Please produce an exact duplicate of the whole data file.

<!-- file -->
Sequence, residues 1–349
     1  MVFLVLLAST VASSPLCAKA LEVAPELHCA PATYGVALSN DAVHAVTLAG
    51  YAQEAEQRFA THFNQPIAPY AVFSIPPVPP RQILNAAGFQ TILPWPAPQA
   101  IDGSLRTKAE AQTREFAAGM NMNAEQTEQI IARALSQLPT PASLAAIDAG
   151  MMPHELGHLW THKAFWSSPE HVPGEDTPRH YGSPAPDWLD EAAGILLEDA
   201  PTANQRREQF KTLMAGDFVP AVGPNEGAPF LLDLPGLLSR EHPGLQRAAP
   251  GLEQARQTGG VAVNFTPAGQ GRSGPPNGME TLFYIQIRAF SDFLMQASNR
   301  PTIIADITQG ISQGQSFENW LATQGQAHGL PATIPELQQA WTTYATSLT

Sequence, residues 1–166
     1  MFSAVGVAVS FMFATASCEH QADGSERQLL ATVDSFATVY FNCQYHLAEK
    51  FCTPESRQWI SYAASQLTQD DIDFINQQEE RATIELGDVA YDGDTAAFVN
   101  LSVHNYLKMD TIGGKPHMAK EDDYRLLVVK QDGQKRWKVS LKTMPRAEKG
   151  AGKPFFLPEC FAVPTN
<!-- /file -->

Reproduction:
Sequence, residues 1–349
     1  MVFLVLLAST VASSPLCAKA LEVAPELHCA PATYGVALSN DAVHAVTLAG
    51  YAQEAEQRFA THFNQPIAPY AVFSIPPVPP RQILNAAGFQ TILPWPAPQA
   101  IDGSLRTKAE AQTREFAAGM NMNAEQTEQI IARALSQLPT PASLAAIDAG
   151  MMPHELGHLW THKAFWSSPE HVPGEDTPRH YGSPAPDWLD EAAGILLEDA
   201  PTANQRREQF KTLMAGDFVP AVGPNEGAPF LLDLPGLLSR EHPGLQRAAP
   251  GLEQARQTGG VAVNFTPAGQ GRSGPPNGME TLFYIQIRAF SDFLMQASNR
   301  PTIIADITQG ISQGQSFENW LATQGQAHGL PATIPELQQA WTTYATSLT

Sequence, residues 1–166
     1  MFSAVGVAVS FMFATASCEH QADGSERQLL ATVDSFATVY FNCQYHLAEK
    51  FCTPESRQWI SYAASQLTQD DIDFINQQEE RATIELGDVA YDGDTAAFVN
   101  LSVHNYLKMD TIGGKPHMAK EDDYRLLVVK QDGQKRWKVS LKTMPRAEKG
   151  AGKPFFLPEC FAVPTN